Resilience to Hazards

Project Status:

This project, now in its utilisation phase, has developed a training program that builds on the current assets in place, such as the ranger programs, and leads to increasing levels of competence and confidence and in its turn, resilience. The project is a response to north Australian stakeholder concerns that existing training is inadequate for their needs.

Northern Australia bushfire and natural hazard training - project overview

Fire and emergency management in northern Australia is quantitatively and qualitatively different to that in the south of the continent. To meet the needs of fire and emergency managers in northern Australia, this project has established training units that meet the requirements of emergency management in the north. The factors differentiating between northern and southern training needs are significant, ranging from geographical (the scale of northern natural disasters and distances), to social and cultural, including the impacts of natural disasters on remote Indigenous communities.

Nearly 360,000 of the people living in northern Australia live in communities with varying degrees of remoteness from ‘outer regional’ to ‘very remote’. These communities are predominately inhabited by Indigenous Australians with the percentage rising in direct proportion to remoteness.

The project, now in its utilisation phase, has developed a training program that builds on the current assets in place, such as the ranger programs, and leads to increasing levels of competence and confidence and in its turn, resilience. The project is a response to north Australian stakeholder concerns that existing training is inadequate for their needs.

New training materials were developed, with courses or packages that provide remote communities the skills and knowledge to manage landscape scale fire regimes, as well as a range of other natural disasters. Pilot training courses begin in late 2016.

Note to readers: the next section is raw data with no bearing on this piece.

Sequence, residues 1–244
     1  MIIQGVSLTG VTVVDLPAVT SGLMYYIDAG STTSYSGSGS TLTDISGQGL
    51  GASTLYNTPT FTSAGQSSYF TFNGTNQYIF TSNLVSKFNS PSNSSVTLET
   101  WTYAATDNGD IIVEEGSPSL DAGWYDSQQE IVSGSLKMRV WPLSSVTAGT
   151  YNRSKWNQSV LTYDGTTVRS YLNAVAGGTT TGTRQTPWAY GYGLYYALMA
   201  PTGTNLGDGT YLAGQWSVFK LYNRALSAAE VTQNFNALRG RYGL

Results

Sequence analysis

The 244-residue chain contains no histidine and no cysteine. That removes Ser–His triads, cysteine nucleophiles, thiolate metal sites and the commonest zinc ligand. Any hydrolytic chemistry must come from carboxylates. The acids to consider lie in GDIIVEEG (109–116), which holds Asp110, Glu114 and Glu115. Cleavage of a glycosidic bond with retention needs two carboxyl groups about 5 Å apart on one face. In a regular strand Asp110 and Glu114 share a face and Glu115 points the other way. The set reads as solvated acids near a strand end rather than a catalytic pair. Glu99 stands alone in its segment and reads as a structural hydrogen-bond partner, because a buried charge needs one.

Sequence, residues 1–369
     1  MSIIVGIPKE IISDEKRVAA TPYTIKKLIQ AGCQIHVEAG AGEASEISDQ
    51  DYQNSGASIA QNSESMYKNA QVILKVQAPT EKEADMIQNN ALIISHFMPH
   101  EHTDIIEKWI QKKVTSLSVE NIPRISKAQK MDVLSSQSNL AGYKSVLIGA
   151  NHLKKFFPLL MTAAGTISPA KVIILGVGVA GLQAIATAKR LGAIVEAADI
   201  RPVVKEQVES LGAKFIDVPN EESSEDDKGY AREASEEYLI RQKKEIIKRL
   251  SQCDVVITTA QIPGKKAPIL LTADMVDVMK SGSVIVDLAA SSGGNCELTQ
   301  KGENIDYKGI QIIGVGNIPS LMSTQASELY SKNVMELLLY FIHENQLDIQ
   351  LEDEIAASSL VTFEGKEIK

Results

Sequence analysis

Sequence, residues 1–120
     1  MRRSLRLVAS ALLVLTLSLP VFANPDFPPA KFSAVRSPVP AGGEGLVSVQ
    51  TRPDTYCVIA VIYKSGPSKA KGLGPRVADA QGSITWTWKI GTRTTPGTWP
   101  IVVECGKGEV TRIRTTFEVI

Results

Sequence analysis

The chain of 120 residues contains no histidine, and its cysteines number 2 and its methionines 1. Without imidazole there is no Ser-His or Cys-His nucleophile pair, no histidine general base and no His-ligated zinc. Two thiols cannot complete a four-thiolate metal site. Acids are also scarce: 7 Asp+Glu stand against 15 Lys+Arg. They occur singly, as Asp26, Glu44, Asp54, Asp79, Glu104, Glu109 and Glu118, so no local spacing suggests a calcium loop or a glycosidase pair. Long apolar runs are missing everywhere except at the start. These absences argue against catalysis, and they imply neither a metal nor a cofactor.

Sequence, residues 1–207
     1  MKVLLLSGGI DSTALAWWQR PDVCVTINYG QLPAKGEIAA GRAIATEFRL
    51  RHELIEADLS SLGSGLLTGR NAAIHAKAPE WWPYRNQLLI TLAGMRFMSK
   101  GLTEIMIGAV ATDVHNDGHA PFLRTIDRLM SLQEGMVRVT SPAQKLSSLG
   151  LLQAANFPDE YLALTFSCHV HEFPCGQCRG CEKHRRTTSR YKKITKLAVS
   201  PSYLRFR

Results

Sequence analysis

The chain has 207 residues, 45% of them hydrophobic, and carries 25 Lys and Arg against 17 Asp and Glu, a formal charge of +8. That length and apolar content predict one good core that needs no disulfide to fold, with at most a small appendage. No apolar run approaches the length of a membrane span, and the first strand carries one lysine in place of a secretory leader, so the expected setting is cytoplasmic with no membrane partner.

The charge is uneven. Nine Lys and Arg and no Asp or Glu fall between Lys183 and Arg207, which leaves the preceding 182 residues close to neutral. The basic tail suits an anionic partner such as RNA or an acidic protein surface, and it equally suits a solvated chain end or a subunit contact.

The project study reviewed 21 training courses offered through Charles Darwin University and its Registered Training Organisations. Five new training units were completed, and additional units developed to suit the needs of northern Australia. These adapted and new units will provide a comprehensive training package that is sensitive to Indigenous cultural and language variations and reflects local knowledge and contexts. This will allow qualified trainers to deliver training in ways that can be tailored to suit remote locations. The project has also developed a Course Delivery Handbook based on the training materials.

Ed Pikusa and Holger Maier receive their outstanding achievement award from Dr Richard Thornton.
18 September, 2017
A cluster team and PhD student have been recognised with CRC awards at AFAC17 powered by INTERSCHUTZ, the CRC's annual conference held in collaboration with AFAC in Sydney recently.
13 October, 2016
New journal articles and reports on CRC research are available online.
White Toyota = Whiteboard”, Grace Daniels makes a point late in the late afternoon at the Limurlee workshop
22 September, 2016
Steve Sutton visited a place that's not on a map, and hard to pick out on Google Earth, for a workshop on resilience and emergency management in northern Australia.
Researchers and end-users in Darwin.
18 February, 2016
End-users and researchers met in Darwin this week to discuss the range of CRC research underway across northern Australia.
ARPNet researchers with Steve Sutton in Gunbalanya
6 January, 2016
The steady pulse of wet/dry hazard and threat seems remote to visitors to Indigenous communities in the Top End, but how do the locals feel about it? That is what we're trying to find out.
Yellow Water lilies
23 June, 2015
Can the way a community responds to a small natural hazard be a guide to the way it will respond to a more major event?
Workshop participants at Ngukurr.
5 June, 2015
CRC researchers have spent four days deep in Arnhem Land in the Northern Territory discussing the community resilience studies underway in the communities of Ngukurr and Gunbalanya.
Learning Together: Cross Cultural Emergency Management Training for Northern Australia
18 Aug 2015

This project develops BNH Training built on learnings from BNHCRC research and tailored to North Australian needs. It employs a didactic approach to build understanding of differing world views about fire and emergency management. Its delivery mode is designed to increase levels of competence, confidence and resilience, particularly in remote regions.

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